Luke Roberts

Share this:

A Tale of Two CEOs

The ABC Four Corners investigation Super Power about Australian supermarket practices was a classic case of how the story hinged on a personal moment. It was a textbook example of the importance of corporate media preparation, or lack of it. Let's break it down.

The story

We already knew the story. An Australian supermarket duopoly is abusing its power to dud  consumers, suppliers and employees. Four Corners’ job was to collate, package the evidence and challenge those at the top of the food chain.

But TV is theatre and it requires players to make it interesting. Cast in the main roles were the two CEOs – Brad Banducci of Woolworths and Leah Weckert of Coles.

Only one of the leading actors played along – Brad Banducci; and he became the story. Leah Weckert skilfully avoided the glare of the spotlight and the action slipped past her.

The journalist was also a performer, wandering through vineyards, shops and a range of facial expressions.

The interview

The ABC did a good job of presenting the damning evidence, and for a while the CEOs handled themselves well.

Presentation of the main characters – Brad Banducci chose a supermarket aisle and a casual, man of the people manner. To be fair, it looked like that is who he is: chatty, confident alpha male, emotional, nodding, gesturing – someone you’d enjoy having a drink with at a BBQ. But that’s the first media training alert: This guy earns $8 million a year, while some of his customers are struggling to put food on the table as profit margins creep up. His media/PR people perhaps should have been more alert to managing his natural personality in what was always going to be a tough interview situation.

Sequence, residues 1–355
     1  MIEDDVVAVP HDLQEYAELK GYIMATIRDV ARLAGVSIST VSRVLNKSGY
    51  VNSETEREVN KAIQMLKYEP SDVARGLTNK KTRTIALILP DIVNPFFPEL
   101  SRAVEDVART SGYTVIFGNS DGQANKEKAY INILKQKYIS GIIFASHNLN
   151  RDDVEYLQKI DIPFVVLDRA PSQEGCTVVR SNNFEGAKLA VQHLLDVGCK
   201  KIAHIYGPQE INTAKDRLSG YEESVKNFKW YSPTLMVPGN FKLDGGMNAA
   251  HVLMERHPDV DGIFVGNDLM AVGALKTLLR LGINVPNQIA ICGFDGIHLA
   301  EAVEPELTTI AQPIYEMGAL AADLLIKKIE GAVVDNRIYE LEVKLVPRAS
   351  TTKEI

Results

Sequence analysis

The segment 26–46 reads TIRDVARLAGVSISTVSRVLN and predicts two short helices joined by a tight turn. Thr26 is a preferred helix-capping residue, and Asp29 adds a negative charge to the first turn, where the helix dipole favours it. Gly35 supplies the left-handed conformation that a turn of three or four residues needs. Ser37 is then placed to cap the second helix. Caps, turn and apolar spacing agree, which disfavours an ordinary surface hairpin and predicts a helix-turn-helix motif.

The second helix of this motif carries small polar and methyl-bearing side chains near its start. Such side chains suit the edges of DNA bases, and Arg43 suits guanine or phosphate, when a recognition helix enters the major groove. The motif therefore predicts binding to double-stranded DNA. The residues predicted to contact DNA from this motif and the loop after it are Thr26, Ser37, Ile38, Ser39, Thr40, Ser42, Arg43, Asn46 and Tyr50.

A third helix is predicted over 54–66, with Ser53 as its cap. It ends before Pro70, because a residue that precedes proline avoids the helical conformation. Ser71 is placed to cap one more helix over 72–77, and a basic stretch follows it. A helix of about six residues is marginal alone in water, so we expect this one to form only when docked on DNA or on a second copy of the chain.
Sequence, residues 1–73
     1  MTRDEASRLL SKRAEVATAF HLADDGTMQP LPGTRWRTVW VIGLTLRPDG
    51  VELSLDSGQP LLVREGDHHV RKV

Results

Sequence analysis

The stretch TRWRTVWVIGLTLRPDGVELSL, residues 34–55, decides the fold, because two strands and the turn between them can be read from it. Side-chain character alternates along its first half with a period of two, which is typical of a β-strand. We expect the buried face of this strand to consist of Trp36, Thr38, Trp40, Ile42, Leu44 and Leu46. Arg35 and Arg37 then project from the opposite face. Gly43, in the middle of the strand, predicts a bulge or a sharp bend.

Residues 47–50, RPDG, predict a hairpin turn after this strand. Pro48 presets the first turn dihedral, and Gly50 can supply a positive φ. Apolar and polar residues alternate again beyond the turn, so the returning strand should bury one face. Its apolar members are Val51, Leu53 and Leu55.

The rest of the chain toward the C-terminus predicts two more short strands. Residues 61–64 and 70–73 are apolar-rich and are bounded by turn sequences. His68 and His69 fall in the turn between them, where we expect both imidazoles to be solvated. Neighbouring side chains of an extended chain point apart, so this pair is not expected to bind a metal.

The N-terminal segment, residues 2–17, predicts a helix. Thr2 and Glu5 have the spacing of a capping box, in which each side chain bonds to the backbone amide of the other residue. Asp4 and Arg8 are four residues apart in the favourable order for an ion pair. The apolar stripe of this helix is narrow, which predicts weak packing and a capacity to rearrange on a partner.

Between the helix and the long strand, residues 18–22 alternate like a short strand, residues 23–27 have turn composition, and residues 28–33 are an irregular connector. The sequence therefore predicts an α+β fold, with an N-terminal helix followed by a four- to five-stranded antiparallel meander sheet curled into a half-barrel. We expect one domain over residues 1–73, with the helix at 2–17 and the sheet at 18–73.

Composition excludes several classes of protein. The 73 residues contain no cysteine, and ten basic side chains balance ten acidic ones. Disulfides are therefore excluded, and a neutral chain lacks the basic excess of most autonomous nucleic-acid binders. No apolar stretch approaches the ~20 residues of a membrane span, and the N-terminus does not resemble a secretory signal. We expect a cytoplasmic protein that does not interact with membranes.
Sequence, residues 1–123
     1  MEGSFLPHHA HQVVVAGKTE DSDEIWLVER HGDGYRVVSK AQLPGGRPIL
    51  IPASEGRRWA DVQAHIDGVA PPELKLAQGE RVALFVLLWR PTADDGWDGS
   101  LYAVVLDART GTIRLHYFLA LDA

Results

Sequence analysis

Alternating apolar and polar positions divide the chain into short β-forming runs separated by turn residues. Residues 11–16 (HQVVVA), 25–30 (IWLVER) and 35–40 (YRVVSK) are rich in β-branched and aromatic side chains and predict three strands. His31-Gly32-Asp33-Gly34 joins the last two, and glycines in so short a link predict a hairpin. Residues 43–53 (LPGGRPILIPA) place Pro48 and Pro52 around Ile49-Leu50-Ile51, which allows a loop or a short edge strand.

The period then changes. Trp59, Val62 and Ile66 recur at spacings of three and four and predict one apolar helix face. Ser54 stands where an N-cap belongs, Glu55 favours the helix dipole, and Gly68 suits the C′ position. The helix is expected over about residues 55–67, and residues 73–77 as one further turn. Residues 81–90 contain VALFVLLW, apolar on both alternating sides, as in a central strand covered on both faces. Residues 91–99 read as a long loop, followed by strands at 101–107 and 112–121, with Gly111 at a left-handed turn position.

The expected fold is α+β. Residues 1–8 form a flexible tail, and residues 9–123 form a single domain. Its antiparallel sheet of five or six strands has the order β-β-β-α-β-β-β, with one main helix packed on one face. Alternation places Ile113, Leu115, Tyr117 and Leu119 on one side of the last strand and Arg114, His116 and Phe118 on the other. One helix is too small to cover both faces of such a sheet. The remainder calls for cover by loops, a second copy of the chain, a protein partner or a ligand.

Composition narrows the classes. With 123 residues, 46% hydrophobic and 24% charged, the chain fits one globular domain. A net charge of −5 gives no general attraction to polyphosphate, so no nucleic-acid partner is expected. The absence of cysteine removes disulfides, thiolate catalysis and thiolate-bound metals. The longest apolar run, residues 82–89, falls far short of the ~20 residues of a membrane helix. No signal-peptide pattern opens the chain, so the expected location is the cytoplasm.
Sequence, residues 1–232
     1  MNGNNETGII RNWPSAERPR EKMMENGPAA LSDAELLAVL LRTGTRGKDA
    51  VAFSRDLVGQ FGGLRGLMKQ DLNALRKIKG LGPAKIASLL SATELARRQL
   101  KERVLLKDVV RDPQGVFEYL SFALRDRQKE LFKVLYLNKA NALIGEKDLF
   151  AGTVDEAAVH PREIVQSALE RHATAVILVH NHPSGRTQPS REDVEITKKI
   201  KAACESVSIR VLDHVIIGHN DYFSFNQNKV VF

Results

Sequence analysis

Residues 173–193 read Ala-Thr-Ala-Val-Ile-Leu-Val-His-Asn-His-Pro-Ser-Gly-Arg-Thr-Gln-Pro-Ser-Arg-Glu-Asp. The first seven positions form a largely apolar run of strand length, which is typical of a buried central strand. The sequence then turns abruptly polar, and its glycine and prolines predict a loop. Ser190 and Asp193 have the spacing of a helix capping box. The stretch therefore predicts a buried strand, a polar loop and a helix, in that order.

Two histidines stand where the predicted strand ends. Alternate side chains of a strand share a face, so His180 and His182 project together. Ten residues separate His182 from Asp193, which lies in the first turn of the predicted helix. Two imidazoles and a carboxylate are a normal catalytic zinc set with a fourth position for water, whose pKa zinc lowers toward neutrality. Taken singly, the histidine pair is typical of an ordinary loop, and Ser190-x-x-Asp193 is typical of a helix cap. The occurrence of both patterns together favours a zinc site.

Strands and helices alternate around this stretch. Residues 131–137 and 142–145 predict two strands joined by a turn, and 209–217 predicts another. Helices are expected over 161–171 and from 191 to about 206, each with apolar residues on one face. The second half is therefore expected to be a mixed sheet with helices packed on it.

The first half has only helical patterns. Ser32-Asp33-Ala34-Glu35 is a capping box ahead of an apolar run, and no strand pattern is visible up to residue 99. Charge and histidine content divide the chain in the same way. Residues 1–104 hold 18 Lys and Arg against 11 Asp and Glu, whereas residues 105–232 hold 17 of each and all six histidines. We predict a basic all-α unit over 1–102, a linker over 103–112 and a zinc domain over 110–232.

Leah Weckert was all teflon. She looked comfortable in her own environment, even aloof; her body barely moved; she had an easy, polite smile; she took her time to answer questions, and even employed that most powerful tool of all: silence. She made the journalist work. She would make a great politician.

Their performance

Their performance: Banducci’s answers were direct, colloquial, pacy and detailed, whereas Weckert went big picture and somehow seemed to answer the question without answering it.She contexualized claims, refusing to get drawn on just one or two examples.

The result

The interviewer enjoyed Banducci’s volatility and willingness to engage, and so went harder. But he appeared disarmed by Weckert and, strangely, backed off when he could have pushed harder – for example when it was revealed that dark store employees were working in stifling heat, he allowed Weckert to get away with a “We’ll look into it” answer.

The meltdown

Call it what you like – a gotcha moment, a brain fade, whatever. When an increasingly frustrated Banducci made an off-the-cuff comment about former ACCC chair Rod Sims, the Woolworths CEO was toast. He made the fatal error of asking for an on-camera comment to be deleted. The ABC had its story. You could almost see the delight on the interviewer’s face. And when Banducci briefly walked out, it was the cherry on the cake. The ABC hasn’t stopped crowing about it since.

So why the hell hadn’t Banducci’s media/PR people prepared him or perhaps they did? And why didn’t they know that you never ever ask a journalist to delete something, especially when the cameras are rolling. There was a simple rescue for that moment. A properly trained manager would not do it in the first place and if he/she did would take a breath and say something like: “Let me rephrase that. Rod is a man of integrity. What I mean to say is …”


So who was to blame for the train wreck? – Well, everyone. Banducci for losing his cool and behaving unprofessionally, and perhaps those around him for not training and preparing him for what would probably be the toughest interview of his career. Banducci clearly did not understand the medium of TV.

Or was it the culture of the organisation. Even if it was hubris on the part of a senior executive, the organisational culture should have been stronger.


And what of Leah Weckert? – Maybe she sent a thank you note to Banducci, because there’s been little said about her post-interview. That is despite the fact that Coles and Woolworths are almost lock-step in their practices. She has a natural calm manner, but one suspects she’s been trained well, too.

Signup to our Newsletter

Full of helpful resources for executives and teams, as well as the latest news and events from SMT.